The car thermometer is just cresting 71 degrees as we pull into the parking lot of the gatehouse at the John Hay Estate at the Fells on Sunday, May 6. It’s the first weekend in May, and the rain has finally dissipated making way for a dappled morning that smells of magnolia blossoms, hot earth and new leaves.
A crowd has gathered in the dusty lot. Today is the first installation of a series of annual programs presented by The Fells in partnership with the Forest Society, led by Dave Anderson of the Forest Society. Titled “Hidden Histories of The Fells,” this walk-and-talk style hike, co-sponsered by The Fells nonprofit, is set to tour the property while pointing out points of natural and historical interest. Here at The Fells, there are plenty of both.
Before he worked out of his office in the Weeks Wing at the Conservation Center in Concord, Anderson worked in the gatehouse at The Fells, as the education entity representing the Forest Society. Together, the John Hay Estate at The Fells and the Forest Society created a series of educational talks, tours and readings that deepened the public’s understanding of the estate’s historical and ecological significance. Just like today’s event.
We’re a group of 29 nature enthusiasts and history buffs alike, equipped with hiking poles, sun hats, plenty of bug spray and our best naturalist brains, ready to take on the hidden histories and ecologies of the grounds at The Fells.
We begin by meandering down the gravel driveway, passing by towering oak and maple trees and stopping occasionally so that Anderson can point out the difference in the bud coloring on each species of maple.
We imagine what the landscape would look like as a rolling field, a farmer’s paradise until they dig into the soil and discover the ragged boulders waiting for them beneath the surface.
We then try to imagine how this dreamy property could’ve ever been considered worthless, even though Anderson describes in detail just how that was possible — when the farmers learned of the profitable, rich soils of the Midwest, they packed up and left the Northeast farmlands barren in search of better living.
The driveway passes through a cluster of rhododendrons to the main house which stands, backlit by Mount Sunapee, in a green lawn lined by yew hedges and peony bushes that have just begun their foray into spring growth.
The house itself is a stately structure, just the kind you would expect to house the family lineage of an American diplomat. A gambrel roof juts over windows framed by forest green shutters and a stately porch supported by columns looks out onto the sprawling lawn that leads toward an abandoned forest tennis court.
The Fells, named after rocky pastureland in the Scottish Highlands, is a New England historic estate previously owned by John Hay, the American diplomat and writer who served as Secretary of State under Presidents McKinley and Roosevelt (Theodore). After his death, the estate passed to his son, Clarence. After his death, his widow, Alice, set up a bequest to the U.S. Fish and Wildlife Service, which solidified the estate as the John Hay National Wildlife Refuge.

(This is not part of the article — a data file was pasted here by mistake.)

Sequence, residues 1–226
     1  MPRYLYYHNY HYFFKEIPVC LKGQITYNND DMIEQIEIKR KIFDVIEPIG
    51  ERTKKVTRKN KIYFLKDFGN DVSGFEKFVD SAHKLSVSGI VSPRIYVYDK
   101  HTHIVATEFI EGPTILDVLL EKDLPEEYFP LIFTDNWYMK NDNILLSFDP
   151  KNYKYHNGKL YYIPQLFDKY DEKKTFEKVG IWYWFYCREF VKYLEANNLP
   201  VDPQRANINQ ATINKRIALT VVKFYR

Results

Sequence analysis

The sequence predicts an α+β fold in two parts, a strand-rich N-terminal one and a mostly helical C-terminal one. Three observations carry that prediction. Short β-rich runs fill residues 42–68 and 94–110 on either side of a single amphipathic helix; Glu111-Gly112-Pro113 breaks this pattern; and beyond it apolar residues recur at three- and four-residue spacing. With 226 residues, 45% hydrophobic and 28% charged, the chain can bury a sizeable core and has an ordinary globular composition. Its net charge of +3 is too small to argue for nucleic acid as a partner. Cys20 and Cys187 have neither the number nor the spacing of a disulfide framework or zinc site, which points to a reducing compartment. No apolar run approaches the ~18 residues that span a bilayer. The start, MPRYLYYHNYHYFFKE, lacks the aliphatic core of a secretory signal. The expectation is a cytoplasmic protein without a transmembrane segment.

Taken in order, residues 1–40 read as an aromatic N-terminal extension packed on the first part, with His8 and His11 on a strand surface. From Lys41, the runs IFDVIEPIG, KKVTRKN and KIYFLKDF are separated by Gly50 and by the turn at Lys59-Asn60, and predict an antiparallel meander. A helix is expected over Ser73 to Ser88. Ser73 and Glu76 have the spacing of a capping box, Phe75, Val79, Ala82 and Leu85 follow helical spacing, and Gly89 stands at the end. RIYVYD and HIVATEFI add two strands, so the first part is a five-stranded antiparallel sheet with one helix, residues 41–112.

Their son, John Hay (the American nature writer and winner of the John Burroughs Medal in 1964), returned often to the site of his ancestral home to write, reminisce and explore the woods with our tour guide for the day, with whom he maintained a close friendship with until his passing in 2011. Walking the grounds of this historical and natural treasure was a treat to begin with, but even more so given our leader's close relationship to the property and its people.
Anderson describes the opportunity to lead educational tours on the estate of his late friend as a powerful feeling of homecoming.
“I just have tremendous affection,” he says, “When I do go up there to do a program, especially when we’re walking the landscape, it’s really personal for me. It’s going back to an old favorite place.”
It’s easy to see why this sprawling landscape and dense forest would be someone’s favorite place. The walled shade garden, guarded by a white trellis and yet another yew hedge is, as Anderson reports, the deer’s favorite place to come for a meal in the winter. In the heather heath, looking up at Theodore Roosevelt’s oak tree, we hear two Barred Owls conversing sleepily somewhere in the deep wood. Especially the lake front, fragranced by evergreens and the freshwater musk, invites the visitor to immerse themselves in the tranquility of the wood, perhaps even taking a moment to dip into the indigo blue waters of Lake Sunapee. If it weren’t for all the cold-water weather advisories, we might all do just that.
The Fells is a unique place, as Dave Anderson describes it, “the interaction and overlap of natural history and cultural history and horticulture and an American story. It was born of privilege but it’s a place that anyone can now go to experience the beautiful natural setting.”
We're lucky to partner with The Friends of the John Hay Estate at The Fells. There are few places like it in our state where visitors can step through the gates and walk into what life might’ve looked like in the 19th and mid 20th centuries. It is a cornerstone of American history and land conservation and a testament to the importance of preserving land and wildlife in the Northeast.
- To explore the house and gardens at The John Hay Estate at The Fells, check out their website for visiting information and tour options.
- To join Dave Anderson on his next education program at The Fells, visit our events page.